By Ewen Callaway
For 18 months in the early 1980s, John Sulston spent his days watching worms grow. Working in twin 4-hour shifts each day, Sulston would train a light microscope on a single Caenorhabditis elegans embryo and sketch what he saw at 5-minute intervals, as a fertilized egg morphed into two cells, then four, eight and so on. He worked alone and in silence in a tiny room at the Medical Research Council Laboratory of Molecular Biology in Cambridge, UK, solving a Rubik’s cube between turns at the microscope. “I did find myself little distractions,” the retired Nobel prize-winning biologist once recalled.
His hundreds of drawings revealed the rigid choreography of early worm development, encompassing the births of precisely 671 cells, and the deaths of 111 (or 113, depending on the worm’s sex). Every cell could be traced to its immediate forebear and then to the one before that in a series of invariant steps. From these maps and others, Sulston and his collaborators were able to draw up the first, and so far the only, complete ‘cell-lineage tree’ of a multicellular organism1.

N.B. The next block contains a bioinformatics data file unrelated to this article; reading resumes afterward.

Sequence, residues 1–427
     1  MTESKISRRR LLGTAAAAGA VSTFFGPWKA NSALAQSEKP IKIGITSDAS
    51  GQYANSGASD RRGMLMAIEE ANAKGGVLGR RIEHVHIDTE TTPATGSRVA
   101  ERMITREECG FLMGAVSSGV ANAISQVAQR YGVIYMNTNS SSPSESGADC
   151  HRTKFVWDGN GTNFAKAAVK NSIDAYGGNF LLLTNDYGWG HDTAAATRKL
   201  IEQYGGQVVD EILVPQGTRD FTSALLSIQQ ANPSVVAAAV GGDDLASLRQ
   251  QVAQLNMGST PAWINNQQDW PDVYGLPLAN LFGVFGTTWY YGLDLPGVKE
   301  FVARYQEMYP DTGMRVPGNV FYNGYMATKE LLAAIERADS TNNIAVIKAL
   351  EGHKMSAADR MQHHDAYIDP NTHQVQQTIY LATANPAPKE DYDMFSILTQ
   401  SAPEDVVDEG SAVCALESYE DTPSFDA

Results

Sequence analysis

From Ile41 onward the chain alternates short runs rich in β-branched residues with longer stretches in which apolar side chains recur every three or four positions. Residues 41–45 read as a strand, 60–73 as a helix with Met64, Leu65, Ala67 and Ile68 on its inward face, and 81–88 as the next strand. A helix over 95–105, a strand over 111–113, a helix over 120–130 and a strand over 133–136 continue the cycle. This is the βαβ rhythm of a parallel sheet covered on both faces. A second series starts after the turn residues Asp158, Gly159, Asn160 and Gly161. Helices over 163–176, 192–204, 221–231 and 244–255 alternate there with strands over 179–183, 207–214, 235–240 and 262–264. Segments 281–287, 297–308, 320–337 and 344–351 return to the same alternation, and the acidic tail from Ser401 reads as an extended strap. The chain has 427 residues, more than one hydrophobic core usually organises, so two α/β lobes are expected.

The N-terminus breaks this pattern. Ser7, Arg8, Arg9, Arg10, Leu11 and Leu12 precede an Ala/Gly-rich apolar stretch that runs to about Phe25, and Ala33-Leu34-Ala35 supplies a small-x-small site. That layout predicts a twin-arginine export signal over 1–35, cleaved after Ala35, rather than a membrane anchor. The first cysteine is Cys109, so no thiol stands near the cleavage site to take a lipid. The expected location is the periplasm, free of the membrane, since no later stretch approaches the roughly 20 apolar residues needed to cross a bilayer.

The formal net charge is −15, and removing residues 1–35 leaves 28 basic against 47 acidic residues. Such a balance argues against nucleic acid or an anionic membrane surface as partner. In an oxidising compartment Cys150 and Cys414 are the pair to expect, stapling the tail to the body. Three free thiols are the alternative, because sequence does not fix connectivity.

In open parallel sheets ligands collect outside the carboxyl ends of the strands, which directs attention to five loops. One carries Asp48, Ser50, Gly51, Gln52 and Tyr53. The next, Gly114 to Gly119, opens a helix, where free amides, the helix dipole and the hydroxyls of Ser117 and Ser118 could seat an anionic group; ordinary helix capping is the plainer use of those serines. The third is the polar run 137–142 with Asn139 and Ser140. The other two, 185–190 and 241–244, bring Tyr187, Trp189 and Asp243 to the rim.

Although the desire to record an organism’s development in such exquisite detail preceded Sulston by at least a century, the ability to do so in more-complex animals has been limited. No one could ever track the fates of billions of cells in a mouse or a human with just a microscope and a Rubik’s cube to pass the time. But there are other ways. Revolutions in biologists’ ability to edit genomes and sequence them at the level of a single cell have sparked a renaissance in cell-lineage tracing.
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